We have also held that where a State chooses to select members of an official body by appointment rather than election, and that choice does not itself offend the Constitution, the fact that each official does not "represent" the same number of people does not deny those people equal protection of the laws. Sailors v. Board of Education, 387 U.S. 105, 87 S. Ct. 1549, 18 L. Ed. 2d 650 (1967); cf. Fortson v. Morris, 385 U.S. 231, 87 S. Ct. 446, 17 L. Ed. 2d 330 (1966).

See also People ex rel. Younger v. County of Eldorado, 5 Cal. 3d 480, 96 Cal. Rptr. 553, 487 P.2d 1193, 1208-1209 (1971).

Plaintiff has not shown any reason for doubting the constitutionality of the two-tier method of selecting board members, and the court has found no such authority. In fact, plaintiff did not consider the method to be unconstitutional.

The emphasis we put on popular election as the test echoes the Supreme Court's recognition that the crucial factor in the application of Fourteenth Amendment considerations to any apportionment scheme is that the officials whose election is challenged must have been elected by popular vote. Hadley, supra, 397 U.S. at 54, 90 S. Ct. at 794. The point was further expounded in Wells v. Edwards, 409 U.S. 1095, 1098, 93 S. Ct. 904, 906, 34 L. Ed. 2d 679, 681 (1973).

The Court of Appeals referred to the distinction between appointment and election in Education/Instruction, Inc. v. Moore, 503 F.2d 1187 (1974), saying

*227 The district court did not find it necessary to determine whether members of the council are elected or appointed, since the council clearly does not exercise general governmental powers nor does it perform governmental functions.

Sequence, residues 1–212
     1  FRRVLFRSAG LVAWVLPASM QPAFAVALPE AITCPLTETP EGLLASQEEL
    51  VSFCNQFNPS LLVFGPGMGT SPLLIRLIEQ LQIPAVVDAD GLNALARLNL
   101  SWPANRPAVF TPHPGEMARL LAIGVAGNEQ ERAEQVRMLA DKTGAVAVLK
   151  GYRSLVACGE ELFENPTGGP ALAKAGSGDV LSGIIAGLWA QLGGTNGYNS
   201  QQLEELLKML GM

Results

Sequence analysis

We do note, however, that at least some members of the council do not automatically become council members by virtue of their election to office in their respective towns. The three additional members from Hartford, referred to above, are appointed by the city council under Special Act 73-79. And at least the members from West Hartford, Wethersfield and Glastonbury are selected by the respective town councils after the voters elect the councils themselves. (p. 1188, n.3).

That case dealt with an attack on the apportionment of a regional planning agency and a regional council of governments, which are comparable in their method of selection to the Central Board.

Further, within the Circuit, in Oliver v. Board of Education of the City of New York, 306 F. Supp. 1286 (S.D.N.Y. 1969), the district judge distinguished between the validity of an elective and appointive board selected by the same disproportionate voting districts, striking down only the elected board. Both the appointed and the elected boards were to perform similar functions. The controlling factor was the demands of the elective process.

It is of interest to note that the highest governing board of New York educational institutions, the Board of Regents, is an appointive board, which the New York Court of Appeals has held need not be apportioned among districts of equal population. Shanker v. Regents of the University of the State of New York, 19 N.Y.2d 951, 281 N.Y.S.2d 355, 228 N.E.2d 408 (1967), aff'g, 27 A.D.2d 84, 275 N.Y.S.2d 646 (3d Dept. 1966).

We find that Section 1901 of the New York Education Law provides for central high school district boards that are essentially appointive in nature and therefore are not in conflict with the one man, one vote principle.

It is ORDERED that plaintiff's complaint be dismissed on the merits and that judgment enter accordingly.